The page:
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Weekly D'rash Tsav

Fire is one of the most significant developments in human history. It allowed people to eat different kinds of food and live in parts of the world that would otherwise have been uninhabitable. It gives us light and heat. In a way, it gives us life as we know it. In the Bible, fire is often used as a symbol of either judgment or blessing. In Exodus 3, it symbolizes the presence of God in the burning bush; and in Exodus 40 it symbolizes the presence of God in the wilderness.

Our Torah portion this week focuses on the responsibilities of the priesthood in the offering of sacrifices. Lev 6:9, 12, & 13 command the priests to keep the fire of the burnt offering continuously burning. The fire must never go out. No reason is given for this. It is surmised that this fire came from the Lord (Lev 9:24) and therefore must never be extinguished. The fire reminds us of the perpetual presence of God among the people, and it also symbolizes the constant devotion of the people to God. At Beth Messiah, above the Aron HaKodesh (Holy Ark) where the Torah scrolls are kept, there is a lamp that is perpetually lit. It is called the Ner Tamid or Eternal Light. It symbolizes the ever presence of God among us. The perpetual fire of the burnt offering reminds us of our devotion to God and the importance of keeping our fire burning.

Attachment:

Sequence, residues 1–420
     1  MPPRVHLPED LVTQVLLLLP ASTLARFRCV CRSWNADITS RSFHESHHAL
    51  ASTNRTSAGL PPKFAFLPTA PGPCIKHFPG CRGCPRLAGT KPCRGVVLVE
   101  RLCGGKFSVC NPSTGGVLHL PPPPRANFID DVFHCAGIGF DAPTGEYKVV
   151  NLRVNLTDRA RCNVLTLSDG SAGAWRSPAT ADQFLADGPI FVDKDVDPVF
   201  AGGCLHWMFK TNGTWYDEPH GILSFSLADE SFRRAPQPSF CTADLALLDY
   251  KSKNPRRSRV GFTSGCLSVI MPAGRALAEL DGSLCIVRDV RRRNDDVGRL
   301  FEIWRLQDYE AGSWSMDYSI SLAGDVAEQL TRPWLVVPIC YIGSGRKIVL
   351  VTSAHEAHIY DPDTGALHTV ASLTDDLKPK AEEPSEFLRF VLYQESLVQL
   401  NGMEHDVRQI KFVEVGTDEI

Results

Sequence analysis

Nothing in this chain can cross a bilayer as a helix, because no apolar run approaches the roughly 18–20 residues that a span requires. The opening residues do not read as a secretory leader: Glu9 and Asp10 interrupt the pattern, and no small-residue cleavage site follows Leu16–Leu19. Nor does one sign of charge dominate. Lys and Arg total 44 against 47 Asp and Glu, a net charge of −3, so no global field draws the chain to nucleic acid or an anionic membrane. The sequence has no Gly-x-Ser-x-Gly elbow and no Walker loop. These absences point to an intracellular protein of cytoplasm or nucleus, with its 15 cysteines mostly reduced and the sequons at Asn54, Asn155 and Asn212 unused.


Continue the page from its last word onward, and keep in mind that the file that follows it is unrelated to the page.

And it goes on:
To keep the fire burning means to always be attentive to our calling as a Holy Priesthood. Since we do not do animal sacrifices, we do not need to keep the fire pit aglow behind our building. Rather, we need to continue to stay strong in the Lord, day and night—to always be wholeheartedly devoted to God in all our relationships, our vocation, and every aspect of life. We do this through the building blocks that we have heard since the day we embraced Yeshua. We must stay in the word of God, prayer, and community. In addition, we must have periods of rest to be refreshed. By doing so, we are continuing to throw logs on the fire. In the 12th chapter of Romans, we read about being a living sacrifice. This is defined as being always available to God. But to truly be a living sacrifice, we need to have the fire constantly burning. If we try to be a sacrifice (i.e., serving God day and night, always busy serving and working for the Lord), without having the fire stoked, the fire will burn out and we will burn out. We will not be a “living sacrifice.”

This week is the holiday of Purim. Esther takes a big risk in going to the king to save the Jewish people from destruction. But notice what she says in Esther 4:4. The first thing she tells everyone to do is fast for three days. May I suggest that Esther had the fire of God stoked internally. She was able to be a “living sacrifice” because the fire was burning, which is evidenced by the fast. Let us learn a lesson from both our Torah portion and Esther. Make sure the fire is continuously burning. Let us be people who fast and pray, people who recognize our covenant calling in Yeshua. Let us make sure that the fire of God never goes out!

Shabbat Shalom

Rabbi Howard

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